27 May - 10 July 2011
Nature is all around us, but when do we really stop to look in detail or think about its complexity, our own impact on the landscape and its impact on us?
In this show we share the work of contemporary makers who create sculptural work that either speaks of a close relationship with nature and landscape or showcases environmental sensitivity. Make time to stand and stare at beautifully serene pieces, large and small, or explore sculptures that make us think about our world.
Adam Buick creates pure jar forms as a ‘canvas’ to incorporate local clays, rocks and seaweeds and is inspired by the rich geological features that surround his studio near St Davids.
A need to connect to the natural world inspires Caroline Sharp. Issues of sustainability and mortality influence her work which can incorporate willow, leaves, wool and chalk to create wall based and three dimensional forms.
Ruth Moilliet produces metal and glass sculptures inspired by the plant kingdom, drawing our attention to both the overall spectacle and individual beauty of a flower.
Having grown up by the seaside, Dorothea Reid’s collections highlight her environmental concerns. The fragile dead plants used in ‘The Dying Sea’ relate to the shapes and textures of corals.
Beth Legg’s jewellery pieces explore sense of place through landscape and memory. Her native far north coast of Scotland has strongly influenced her work.
Growing up on a farm has given Celia Smith a passion for the natural environment. Celia draws with wire, as others draw with pencil. Birds are her main inspiration.
Catrin Mostyn Jones’ vivid collection of hand built and press moulded sculptural ceramic forms are inspired by exploring creatures of the sea and images of the human body at a microscopic level.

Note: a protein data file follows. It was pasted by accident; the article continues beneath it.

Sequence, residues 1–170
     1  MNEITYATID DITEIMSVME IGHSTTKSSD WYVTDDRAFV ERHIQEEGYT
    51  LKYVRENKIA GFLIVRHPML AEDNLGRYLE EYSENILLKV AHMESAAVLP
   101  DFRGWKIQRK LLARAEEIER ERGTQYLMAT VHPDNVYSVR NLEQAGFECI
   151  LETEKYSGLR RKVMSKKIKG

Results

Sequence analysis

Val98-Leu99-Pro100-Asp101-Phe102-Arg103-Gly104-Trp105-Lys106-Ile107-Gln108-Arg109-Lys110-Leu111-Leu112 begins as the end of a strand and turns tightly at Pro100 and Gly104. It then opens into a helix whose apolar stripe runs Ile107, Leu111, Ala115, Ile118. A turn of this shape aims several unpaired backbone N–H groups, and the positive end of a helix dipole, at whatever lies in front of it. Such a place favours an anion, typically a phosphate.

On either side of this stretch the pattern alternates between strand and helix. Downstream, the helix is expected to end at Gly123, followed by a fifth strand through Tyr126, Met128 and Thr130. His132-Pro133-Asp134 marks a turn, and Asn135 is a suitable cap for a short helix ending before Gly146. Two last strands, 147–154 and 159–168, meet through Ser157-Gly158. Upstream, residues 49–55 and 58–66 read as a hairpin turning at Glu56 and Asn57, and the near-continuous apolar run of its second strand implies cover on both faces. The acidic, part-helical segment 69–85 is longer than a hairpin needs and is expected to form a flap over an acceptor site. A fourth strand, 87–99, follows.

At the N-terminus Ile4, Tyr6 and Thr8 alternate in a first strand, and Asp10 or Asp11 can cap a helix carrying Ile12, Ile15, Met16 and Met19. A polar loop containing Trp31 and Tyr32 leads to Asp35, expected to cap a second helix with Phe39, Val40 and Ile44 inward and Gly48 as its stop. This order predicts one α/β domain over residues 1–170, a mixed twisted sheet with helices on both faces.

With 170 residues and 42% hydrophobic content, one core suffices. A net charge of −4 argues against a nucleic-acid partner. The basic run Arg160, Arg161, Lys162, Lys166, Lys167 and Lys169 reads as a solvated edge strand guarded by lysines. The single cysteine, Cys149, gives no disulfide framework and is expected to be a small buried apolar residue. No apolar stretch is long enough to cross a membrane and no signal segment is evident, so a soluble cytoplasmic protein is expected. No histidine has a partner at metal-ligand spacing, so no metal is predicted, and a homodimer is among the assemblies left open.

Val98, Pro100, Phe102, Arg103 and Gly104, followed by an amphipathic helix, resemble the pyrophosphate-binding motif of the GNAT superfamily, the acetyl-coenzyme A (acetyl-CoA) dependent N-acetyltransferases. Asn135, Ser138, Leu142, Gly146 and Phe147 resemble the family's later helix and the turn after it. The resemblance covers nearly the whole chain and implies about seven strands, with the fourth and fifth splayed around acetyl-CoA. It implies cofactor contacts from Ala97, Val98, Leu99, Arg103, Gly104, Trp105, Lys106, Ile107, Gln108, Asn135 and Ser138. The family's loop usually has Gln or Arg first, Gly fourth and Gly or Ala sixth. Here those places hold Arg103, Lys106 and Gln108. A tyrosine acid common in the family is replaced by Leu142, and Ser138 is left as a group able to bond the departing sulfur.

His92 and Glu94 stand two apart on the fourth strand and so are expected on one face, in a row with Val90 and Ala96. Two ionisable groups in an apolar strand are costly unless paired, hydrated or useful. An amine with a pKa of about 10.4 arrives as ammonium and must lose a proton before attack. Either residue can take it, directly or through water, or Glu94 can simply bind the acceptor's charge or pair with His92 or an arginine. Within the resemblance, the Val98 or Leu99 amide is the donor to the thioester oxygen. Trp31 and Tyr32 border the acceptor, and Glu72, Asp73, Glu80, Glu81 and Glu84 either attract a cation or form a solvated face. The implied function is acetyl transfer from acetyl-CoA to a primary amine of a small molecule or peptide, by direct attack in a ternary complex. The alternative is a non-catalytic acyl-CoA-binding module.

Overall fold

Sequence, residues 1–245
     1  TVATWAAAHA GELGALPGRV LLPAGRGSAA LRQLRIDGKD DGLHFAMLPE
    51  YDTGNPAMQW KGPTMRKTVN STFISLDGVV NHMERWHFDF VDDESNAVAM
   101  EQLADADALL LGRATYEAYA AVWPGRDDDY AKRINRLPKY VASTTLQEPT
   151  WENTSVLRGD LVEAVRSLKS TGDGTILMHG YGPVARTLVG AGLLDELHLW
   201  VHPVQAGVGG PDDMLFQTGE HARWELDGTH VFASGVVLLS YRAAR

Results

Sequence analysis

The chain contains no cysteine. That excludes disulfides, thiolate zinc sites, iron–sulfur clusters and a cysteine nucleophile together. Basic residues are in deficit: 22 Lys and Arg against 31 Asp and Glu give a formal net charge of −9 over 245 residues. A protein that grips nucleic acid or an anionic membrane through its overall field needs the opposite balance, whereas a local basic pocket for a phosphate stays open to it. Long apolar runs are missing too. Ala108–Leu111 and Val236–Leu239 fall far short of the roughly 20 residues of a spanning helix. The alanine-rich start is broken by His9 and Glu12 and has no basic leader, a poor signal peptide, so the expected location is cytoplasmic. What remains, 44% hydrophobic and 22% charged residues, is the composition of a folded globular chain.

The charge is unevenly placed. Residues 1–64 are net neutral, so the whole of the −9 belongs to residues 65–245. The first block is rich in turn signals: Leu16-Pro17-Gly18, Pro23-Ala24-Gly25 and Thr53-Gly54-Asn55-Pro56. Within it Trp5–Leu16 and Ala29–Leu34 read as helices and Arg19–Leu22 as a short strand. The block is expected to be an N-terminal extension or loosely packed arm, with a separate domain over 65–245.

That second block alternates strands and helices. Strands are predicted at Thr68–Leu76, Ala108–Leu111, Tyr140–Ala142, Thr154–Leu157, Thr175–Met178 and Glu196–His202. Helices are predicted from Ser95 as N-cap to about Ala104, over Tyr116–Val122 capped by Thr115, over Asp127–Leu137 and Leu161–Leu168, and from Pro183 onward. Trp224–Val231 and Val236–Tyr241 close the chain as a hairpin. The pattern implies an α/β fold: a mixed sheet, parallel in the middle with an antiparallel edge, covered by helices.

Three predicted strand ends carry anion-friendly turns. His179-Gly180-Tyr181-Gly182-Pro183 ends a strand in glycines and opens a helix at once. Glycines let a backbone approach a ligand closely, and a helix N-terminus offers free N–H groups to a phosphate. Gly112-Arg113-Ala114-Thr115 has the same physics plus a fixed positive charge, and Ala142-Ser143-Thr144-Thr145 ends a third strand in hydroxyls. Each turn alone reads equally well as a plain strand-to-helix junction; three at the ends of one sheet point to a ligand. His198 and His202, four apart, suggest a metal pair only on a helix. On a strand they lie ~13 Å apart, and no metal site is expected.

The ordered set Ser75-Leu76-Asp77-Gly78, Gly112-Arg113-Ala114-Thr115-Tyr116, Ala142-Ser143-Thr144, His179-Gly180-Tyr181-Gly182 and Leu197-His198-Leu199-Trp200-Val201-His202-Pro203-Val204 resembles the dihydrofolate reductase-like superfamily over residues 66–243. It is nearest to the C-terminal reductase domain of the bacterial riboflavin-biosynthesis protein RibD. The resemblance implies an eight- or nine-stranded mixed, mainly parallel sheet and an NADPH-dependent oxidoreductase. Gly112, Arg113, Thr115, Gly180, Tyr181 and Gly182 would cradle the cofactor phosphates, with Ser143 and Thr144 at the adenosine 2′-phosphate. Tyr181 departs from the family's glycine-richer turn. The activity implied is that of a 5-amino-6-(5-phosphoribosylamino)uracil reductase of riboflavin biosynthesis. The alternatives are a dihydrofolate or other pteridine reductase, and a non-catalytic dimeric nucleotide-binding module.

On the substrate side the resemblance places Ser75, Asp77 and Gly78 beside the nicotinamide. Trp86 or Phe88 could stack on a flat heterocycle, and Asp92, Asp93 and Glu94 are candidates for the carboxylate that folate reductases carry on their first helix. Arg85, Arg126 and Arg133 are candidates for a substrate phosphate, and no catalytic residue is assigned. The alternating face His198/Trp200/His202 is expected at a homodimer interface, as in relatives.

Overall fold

Steve Handley’s sculpture from his show ‘Altared Landscapes’ is inspired by the constant earth, sky and fleeting crows which represent our own transitions passing through the world.
Sophie Woodrow’s work has been informed by an interest in the Victorians as the first generation who chose to define nature in opposition to what is human. Her ceramic sculptures are the ‘might have beens’ of this world.
Close to Nature is linked with Step Into The Garden
19 June - 10 July
A selling show in our delightful temporary gallery in the Pool House,
Old Rectory gardens, Quenington
10am - 5pm daily
Entry via Fresh Air 2011
Step Into The Garden features work by makers who are inspired by birds, plants, gardens, gardening or who simply delight in producing sculptural or functional pieces for indoors and out.
19 June - 10 July
Open 10am - 5pm daily
Admission £2.50. Under 18s FREE
Set in the magical gardens of Quenington Old Rectory near Cirencester, this Sculpture Biennale has become an important event on the cultural calendar. Curated by Lucy Abel Smith and Ana Bianchi, it showcases emerging artists as well as documenting the work of some of the more established sculptors. Over ninety artists are represented this year.
See our Fresh Air 2011 page for details of both exhibitions and other linked events.
We value your feedback on our exhibitions - and on what you would like to see in future - so please leave a comment on our blog www.newbreweryarts.blogspot.com
Admission to the gallery is free
Support us as your local arts charity and help fund our exhibitions by buying a New Brewery Arts Grand Lottery ticket - you might win £100!
Exhibiting and selling work at New Brewery Arts
If you would like to submit work to our gallery, please see our Show your own work page for information.
New Brewery Arts participates in Arts Council England’s Own Art scheme, which gives buyers the chance to take out an interest free loan to purchase pieces from our Gallery and Shop.
You can borrow from £100 to £2,000 and pay it back in 10 equal instalments over 10 months, INTEREST FREE. There is no administrative charge or handling fee.